226 EMERGENCY MEDICAL SERVICES FOR CHILDREN With good descriptive data, planners, evaluators, and researchers can begin to answer the more significant question: How well does the system perform? Performance can be judged on the basis of outcomes or processes of care for individual cases and for populations. Clinical outcomes can be assessed across a broad spectrum (from basic physiologic and biologic mea- sures through health-related quality of lifer- ideally with severity or acuity adj-~stn~ents using appropriate tools such as those discussed In Appendix A at the end of this chapter. Various elements of the process of care such as appropriateness of triage, timeliness of treatment, or completeness of docu- mentation can be evaluated. Compliance with structural guidelines, such as provider qualifications or equipment available, is another evaluation crite- rion that can be used. Cost-effectiveness must be a consideration as well. The assumption in evaluating system process and structure is that deficien- cies in those areas are likely to have an adverse impact on the ultimate results of the care that children (or adults) receive. Even this assumption can be tested only when data exist. The need for more and better data on the volume, nature, and outcomes of emergency care and the operation of emergency care services has been widely recognized for many years (NAS/NRC, 1970a, 1978a, 1980; MacKenzie, 1989; Eisenberg et al., 1990; Lescohier et al., 1990; IOM, l991b; Seidel and Henderson, 1991; CDC, 1992b). Progress in improving data resources has been limited, however. As was noted in Chapter 2, much of what has been learned about EMS-C, including the work discussed in this report, is based on one-time studies or studies in a single institution or community, which raises problems of external validity and generalizability of the results. Nevertheless, conclusions and policies are based on these studies simply be- cause more broadly based information on the structure and operation of EMS systems, and especially on outcomes of care, is not widely available. Some individual hospitals, state and local EMS agencies, and emer- gency dispatch centers that are parts of EMS systems do have sophisticated data collection and analysis programs that generate valuable information. EMS systems, however, depend on successful coordination of services from many separate components; only rarely are these individual components able to link their data together to learn more about the complete course of a patient's emergency care. By contrast, trauma registries are able to compile detailed information on all phases of patient care but only for a small por- tion of the patient population cared for by EMS systems; they too may lack certain elements such as linkages with autopsy reports or rehabilitation fa- cilities. Even comparisons among similar kinds of system components are difficult because little or no consensus exists on how important concepts are defined or on what data are needed to operationalize those concepts. Fur- thermore, data that might already be deemed appropriate are not routinely compiled or published.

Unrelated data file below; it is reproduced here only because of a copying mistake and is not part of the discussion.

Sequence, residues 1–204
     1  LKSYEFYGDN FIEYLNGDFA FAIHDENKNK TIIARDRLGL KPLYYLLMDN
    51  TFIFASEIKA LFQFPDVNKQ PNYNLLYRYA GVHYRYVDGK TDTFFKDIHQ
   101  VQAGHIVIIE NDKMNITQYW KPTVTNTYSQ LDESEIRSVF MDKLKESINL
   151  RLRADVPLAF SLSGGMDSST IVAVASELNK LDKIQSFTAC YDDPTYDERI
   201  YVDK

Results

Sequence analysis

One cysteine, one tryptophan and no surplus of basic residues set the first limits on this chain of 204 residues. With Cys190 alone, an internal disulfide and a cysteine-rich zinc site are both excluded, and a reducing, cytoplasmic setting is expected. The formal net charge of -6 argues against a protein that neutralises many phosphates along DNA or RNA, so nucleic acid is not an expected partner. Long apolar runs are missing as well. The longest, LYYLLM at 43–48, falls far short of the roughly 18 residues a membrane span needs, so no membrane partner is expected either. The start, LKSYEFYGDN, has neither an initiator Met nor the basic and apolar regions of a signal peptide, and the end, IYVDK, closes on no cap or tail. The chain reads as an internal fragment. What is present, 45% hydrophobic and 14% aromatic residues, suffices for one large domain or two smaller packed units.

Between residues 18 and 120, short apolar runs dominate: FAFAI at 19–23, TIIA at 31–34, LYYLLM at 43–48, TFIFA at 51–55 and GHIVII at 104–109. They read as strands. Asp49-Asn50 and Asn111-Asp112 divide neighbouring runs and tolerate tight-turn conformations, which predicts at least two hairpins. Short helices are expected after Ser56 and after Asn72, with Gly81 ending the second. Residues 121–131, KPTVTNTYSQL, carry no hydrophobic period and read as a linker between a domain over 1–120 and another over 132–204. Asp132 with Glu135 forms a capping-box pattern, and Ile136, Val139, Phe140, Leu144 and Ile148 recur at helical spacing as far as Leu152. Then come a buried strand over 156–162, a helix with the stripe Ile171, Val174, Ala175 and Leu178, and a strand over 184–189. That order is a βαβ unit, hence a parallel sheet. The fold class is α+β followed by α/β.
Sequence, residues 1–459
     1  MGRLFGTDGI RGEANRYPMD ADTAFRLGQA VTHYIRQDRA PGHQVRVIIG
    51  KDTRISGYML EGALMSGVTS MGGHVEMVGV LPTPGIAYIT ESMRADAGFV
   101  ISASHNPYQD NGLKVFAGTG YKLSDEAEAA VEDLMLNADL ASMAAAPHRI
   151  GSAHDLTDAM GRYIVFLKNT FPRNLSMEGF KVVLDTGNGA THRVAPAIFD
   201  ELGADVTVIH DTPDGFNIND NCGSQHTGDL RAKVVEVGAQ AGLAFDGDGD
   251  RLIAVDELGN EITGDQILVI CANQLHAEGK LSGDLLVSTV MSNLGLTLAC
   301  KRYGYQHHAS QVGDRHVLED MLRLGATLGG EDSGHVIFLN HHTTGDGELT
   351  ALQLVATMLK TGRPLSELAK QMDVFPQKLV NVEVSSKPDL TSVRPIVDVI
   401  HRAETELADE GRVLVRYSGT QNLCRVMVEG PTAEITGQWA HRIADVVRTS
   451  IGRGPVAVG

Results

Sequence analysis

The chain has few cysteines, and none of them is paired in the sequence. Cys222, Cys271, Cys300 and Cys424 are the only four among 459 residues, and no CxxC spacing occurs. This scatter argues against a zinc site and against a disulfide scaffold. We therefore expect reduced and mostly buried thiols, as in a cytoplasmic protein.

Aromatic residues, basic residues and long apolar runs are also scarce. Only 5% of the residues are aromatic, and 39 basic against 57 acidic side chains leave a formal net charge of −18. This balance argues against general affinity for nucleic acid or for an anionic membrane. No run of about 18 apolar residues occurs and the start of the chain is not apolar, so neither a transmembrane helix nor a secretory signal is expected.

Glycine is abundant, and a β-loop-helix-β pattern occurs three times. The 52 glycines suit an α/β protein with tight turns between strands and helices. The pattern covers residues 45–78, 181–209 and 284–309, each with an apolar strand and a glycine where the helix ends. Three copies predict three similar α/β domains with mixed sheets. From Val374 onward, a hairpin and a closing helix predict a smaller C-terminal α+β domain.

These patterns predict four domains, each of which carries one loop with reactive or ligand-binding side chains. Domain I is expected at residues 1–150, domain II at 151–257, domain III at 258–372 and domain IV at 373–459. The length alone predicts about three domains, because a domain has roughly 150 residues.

PLANNING, EVALUATION, AND RESEARCH 227 Efforts to ensure the best possible outcomes for children are also hin- dered by limitations in the clinical and health services research base. In EMS, much research is still needed to understand the clinical merits of various current practices arid to develop better ways to apply what is known. Much of the needed research demands specialized data, but some work might be done with better EMS and EMS-(: data on system structures opera- t~onal processes, and patient outcomes. Assessing the costs and cost-effectiveness of erne-rgency care and EMS systems must be a priority in times of fiscal constraint, but accurate, com- prehensive, and meaningful data are difficult to obtain. Billing information, for example, can be obtained from hospitals and insurers, but the charges assessed for services are not equivalent to the cost of providing that service. Furthermore, system costs extend far beyond the immediate care of indi- vidual patients to the overall operation of EMS agencies and hospitals. With services provided by widely varying combinations of public and pri- vate sector organizations, ways are needed to aggregate highly diverse forms of cost data. Four aspects of this information gap can be singled out for special emphasis. First, to use a conceptual framework from the health care quality assurance field, information on "structure, process, and outcomes" for EMS- C systems is critical.2 Second, ways to use information about EMS to highlight prevention needs and target related activities efficiently must be devised. Third, questions about individual components of an EMS system and about the system as a whole must be addressed. This in turn implies that information on individual patients must be available across settings and providers; thus, being able to link records is a significant requisite. Fourth, EMS-C data are needed at the local, state, and national level; the particular kinds of data needed at each level may vary, but in all cases, data collected for one level (e.g., national) should be useful at every level below that (e.g., states and localities). These points should be kept in mind in reviewing the strengths and weaknesses of current data systems discussed later in this chapter. To answer the questions and fill the information gaps posed above, three activities must receive attention. PLANNING, EVALUATION, AND RESEARCH This committee regarded planning and evaluation as lying at the heart of effective implementation: planning is required to determine how the health care system can best meet children's needs for emergency care, and evaluation is needed to assess how well that care is being delivered. It also regarded research as essential to validate the clinical merit of care that is given, to identify better kinds of care, to devise better ways to deliver that care, and to learn where best to direct prevention activities.